Surinder Bhomra
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React: Using State Within An Arrow Function Component

React: Using State Within An Arrow Function Component

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Surinder Bhomra
·May 28, 2022·

2 min read

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When building React applications, my components would consist of a mixture of React Function and Class components. As much as I love to use React Function components due to their simple, lightweight and concise code construction, I had a misconception they were limited in features.

React Function components are generally classed as "stateless" where I would go as far as to send props (if required) and return the rendered output in HTML. So whenever there was a need for some form of interaction where state was required, a Class component would be used.

It was only until recently I was made aware of React Hooks that allowed React Function components to have state. Let's take a look at a simple example where we are increasing and decreasing a number.

import React, { useState } from 'react';

const CounterApp = () => {
  const [state, setState] = useState({
    count: 0
  });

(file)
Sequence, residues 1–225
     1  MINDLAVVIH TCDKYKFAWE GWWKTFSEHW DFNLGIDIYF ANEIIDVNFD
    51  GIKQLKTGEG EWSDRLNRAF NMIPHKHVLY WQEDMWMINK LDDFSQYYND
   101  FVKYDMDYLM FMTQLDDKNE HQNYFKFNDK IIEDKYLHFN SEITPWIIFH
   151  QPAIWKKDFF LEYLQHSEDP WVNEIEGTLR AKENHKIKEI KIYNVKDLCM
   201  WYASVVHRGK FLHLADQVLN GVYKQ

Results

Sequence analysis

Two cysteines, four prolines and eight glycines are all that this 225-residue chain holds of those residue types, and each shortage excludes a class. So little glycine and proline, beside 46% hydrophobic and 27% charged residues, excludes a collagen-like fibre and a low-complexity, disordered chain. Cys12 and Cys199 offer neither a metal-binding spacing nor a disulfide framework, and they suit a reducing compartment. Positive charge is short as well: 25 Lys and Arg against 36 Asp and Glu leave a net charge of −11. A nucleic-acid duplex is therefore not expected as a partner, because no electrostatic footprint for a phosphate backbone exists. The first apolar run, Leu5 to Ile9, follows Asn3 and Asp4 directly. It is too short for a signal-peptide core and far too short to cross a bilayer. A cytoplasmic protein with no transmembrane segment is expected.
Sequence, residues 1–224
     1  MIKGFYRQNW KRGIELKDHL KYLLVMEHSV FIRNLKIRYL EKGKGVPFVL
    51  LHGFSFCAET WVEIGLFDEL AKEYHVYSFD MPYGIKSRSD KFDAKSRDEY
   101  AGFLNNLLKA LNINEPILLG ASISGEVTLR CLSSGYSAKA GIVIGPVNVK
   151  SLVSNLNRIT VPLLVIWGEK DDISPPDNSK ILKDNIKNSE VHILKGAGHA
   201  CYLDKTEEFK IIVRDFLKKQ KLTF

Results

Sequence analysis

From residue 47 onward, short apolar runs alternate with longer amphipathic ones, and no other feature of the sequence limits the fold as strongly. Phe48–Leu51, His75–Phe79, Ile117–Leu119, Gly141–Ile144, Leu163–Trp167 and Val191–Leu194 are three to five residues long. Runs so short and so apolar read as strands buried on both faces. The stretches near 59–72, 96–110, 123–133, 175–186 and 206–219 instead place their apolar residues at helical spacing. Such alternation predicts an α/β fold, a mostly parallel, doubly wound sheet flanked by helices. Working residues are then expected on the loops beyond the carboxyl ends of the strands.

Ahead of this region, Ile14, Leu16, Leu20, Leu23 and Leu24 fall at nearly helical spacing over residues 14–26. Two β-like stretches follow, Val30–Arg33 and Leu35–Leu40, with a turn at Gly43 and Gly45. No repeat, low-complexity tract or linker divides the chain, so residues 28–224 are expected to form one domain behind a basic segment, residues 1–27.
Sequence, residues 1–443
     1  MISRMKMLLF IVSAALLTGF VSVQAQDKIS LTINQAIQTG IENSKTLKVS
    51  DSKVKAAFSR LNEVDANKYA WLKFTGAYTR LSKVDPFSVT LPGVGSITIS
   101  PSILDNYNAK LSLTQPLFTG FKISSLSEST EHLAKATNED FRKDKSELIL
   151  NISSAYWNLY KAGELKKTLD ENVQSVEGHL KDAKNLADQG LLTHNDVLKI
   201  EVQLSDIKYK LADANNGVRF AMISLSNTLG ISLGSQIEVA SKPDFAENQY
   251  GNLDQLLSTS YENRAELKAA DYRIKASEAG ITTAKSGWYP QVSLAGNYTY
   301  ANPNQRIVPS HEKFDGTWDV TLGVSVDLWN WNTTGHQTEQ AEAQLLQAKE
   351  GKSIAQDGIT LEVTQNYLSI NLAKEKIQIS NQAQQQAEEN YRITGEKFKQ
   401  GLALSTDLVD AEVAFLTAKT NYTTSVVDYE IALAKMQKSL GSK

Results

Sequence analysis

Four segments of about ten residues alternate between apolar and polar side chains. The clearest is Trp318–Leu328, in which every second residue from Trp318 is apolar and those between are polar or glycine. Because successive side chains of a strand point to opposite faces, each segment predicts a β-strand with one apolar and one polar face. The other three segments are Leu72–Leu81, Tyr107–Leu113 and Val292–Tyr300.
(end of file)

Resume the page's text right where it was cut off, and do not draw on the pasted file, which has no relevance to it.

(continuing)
const incrementCount = () => {
    setState({
      count: state.count + 1,
    });
  }

  const decrementCount = () => {
    setState({
      count: state.count - 1,
    });
  }

  return (
    <div>
      <h1>{state.count}</h1>

      <button onClick={incrementCount}>Increment</button>
      <button onClick={decrementCount}>Decrement</button>
    </div>
  );
};

export default CounterApp;

In the code above we have accomplished two things:

1) Storing our counter in state. 2) Click handlers

The useState() hook declaration accepts properties in the way we are accustomed to when used in a Class component. The similarity doesn't stop there, you'll also notice the same approach when setting and getting a state property.

Multiple states can also be declared and through the array destructuring syntax lets us give different names to the state variables we declared by calling useState. Really cool!

const [age, setAge] = useState(42);
const [fruit, setFruit] = useState('banana');
const [todos, setTodos] = useState([{ text: 'Learn Hooks' }]);

Even though this post has concentrated on state, I've found React Function components offer similar features as a Class component. This is how I will be building my components going forward.

 
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